Theresa May again signals painful Brexit

2016: The year of the Brexit vote
2016: The year of the Brexit vote

Theresa May has revealed little about her strategy for pulling Britain out of the European Union. But comments made Sunday by the prime minister suggest that exit negotiations will be exceptionally painful.

The one priority that May has marked out -- limits on EU migration -- implies that British companies will face new barriers in selling goods and services to hundreds of millions of consumers in Europe.

"We will outside the European Union be able to have control of immigration and be able to set our rules for people coming to the U.K. from member states of the European Union," May said in an interview with Sky News on Sunday, her first TV interview of 2017.

The prime minister's position runs counter to rules that require all members of Europe's single trading market to allow free movement of people across their borders.

Top EU officials, including German Chancellor Angela Merkel and European Council President Donald Tusk, have said they will not allow Britain to remain a member of the single market without playing by its rules.

Related: Why Brexit talks just got much harder for the U.K.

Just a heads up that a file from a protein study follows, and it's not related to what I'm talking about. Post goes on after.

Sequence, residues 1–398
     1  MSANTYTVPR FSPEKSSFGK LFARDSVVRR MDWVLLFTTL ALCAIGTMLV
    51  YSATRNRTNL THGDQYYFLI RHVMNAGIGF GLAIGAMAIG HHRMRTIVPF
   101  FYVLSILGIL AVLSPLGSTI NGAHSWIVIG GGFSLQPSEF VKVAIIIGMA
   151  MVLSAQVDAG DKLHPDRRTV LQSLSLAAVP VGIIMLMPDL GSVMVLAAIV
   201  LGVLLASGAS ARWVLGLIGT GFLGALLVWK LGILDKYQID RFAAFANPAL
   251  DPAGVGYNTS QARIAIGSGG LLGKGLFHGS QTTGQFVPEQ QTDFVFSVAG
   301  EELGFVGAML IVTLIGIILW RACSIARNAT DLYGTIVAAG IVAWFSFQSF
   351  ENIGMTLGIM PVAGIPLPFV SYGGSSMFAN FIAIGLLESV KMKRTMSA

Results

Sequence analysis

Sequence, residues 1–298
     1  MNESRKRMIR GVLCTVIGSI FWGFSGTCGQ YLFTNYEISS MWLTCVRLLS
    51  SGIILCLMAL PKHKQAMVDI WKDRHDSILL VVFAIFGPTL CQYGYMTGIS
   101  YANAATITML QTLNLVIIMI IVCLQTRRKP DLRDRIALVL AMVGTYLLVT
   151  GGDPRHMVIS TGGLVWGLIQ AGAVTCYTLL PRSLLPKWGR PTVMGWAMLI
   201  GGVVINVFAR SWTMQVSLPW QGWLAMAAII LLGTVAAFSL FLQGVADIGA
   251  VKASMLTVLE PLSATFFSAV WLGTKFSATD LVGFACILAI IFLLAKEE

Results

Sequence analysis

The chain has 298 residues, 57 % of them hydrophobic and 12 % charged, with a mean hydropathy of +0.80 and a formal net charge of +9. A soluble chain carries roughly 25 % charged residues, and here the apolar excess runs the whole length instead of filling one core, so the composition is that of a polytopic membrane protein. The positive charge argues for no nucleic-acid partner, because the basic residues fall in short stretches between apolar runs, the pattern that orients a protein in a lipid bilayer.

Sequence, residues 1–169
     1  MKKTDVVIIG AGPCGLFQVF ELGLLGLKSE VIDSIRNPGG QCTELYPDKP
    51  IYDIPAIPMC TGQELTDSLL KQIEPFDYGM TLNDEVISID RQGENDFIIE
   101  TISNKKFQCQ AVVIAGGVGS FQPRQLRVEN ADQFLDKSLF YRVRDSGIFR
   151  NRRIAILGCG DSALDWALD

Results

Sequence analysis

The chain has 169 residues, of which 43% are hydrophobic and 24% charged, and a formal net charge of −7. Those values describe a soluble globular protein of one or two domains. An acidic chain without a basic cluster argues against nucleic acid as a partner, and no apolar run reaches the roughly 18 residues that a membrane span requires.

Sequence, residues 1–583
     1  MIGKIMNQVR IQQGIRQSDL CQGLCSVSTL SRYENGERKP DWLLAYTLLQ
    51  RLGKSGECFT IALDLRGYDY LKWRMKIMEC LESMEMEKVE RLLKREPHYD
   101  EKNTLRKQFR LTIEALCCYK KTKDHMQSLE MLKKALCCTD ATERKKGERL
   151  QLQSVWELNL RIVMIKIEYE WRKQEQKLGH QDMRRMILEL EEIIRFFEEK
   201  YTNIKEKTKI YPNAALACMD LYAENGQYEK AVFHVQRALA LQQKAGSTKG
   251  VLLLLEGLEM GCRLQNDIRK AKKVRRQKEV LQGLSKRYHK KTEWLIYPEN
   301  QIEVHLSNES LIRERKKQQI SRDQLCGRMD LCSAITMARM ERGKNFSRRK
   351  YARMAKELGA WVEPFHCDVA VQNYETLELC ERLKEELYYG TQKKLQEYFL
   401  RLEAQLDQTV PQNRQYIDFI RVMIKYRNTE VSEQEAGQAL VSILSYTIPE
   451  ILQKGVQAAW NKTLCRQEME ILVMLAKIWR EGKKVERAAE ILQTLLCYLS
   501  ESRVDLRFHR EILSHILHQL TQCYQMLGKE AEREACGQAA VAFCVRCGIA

May did not directly address a series of questions on whether Britain would be leaving the single market.

"Anybody who looks at this question of free movement and trade as a sort of zero sum game is looking at it in the wrong way," May said.

But she flagged clearly that her objective was a clean break with the U.K.'s biggest trading partner.

"Often people talk in terms as if somehow we are leaving the EU, but we still want to keep bits of membership of the EU," she said. "We are leaving. We are coming out."

Related: How prepared is Britain for Brexit?

The government was last week accused of "muddled thinking" by its own ambassador to the European Union, who resigned less than three months before exit talks are set to begin.

"We do not yet know what the government will set as negotiating objectives for the U.K.'s relationship with the EU after exit," Ivan Rogers wrote in a goodbye note to staffers.

May defended her approach on Sunday.

"Our thinking on this isn't muddled at all," she said. "There hadn't been any plans made for Brexit so it was important for us to take some time to actually look at the issues, look at the complexity of the issues."

Meanwhile, the leader of Scotland's government, Nicola Sturgeon, repeated her pledge to hold a referendum on Scottish independence if the U.K. leaves Europe's single market as a consequence of Brexit.

Scots voted by a clear margin in favor of remaining in the EU in the June referendum.

"They will be making a big mistake if they think that I am in any way bluffing," she said Sunday. "We now face being taken out of the EU. That creates a much more fundamental question for Scotland."

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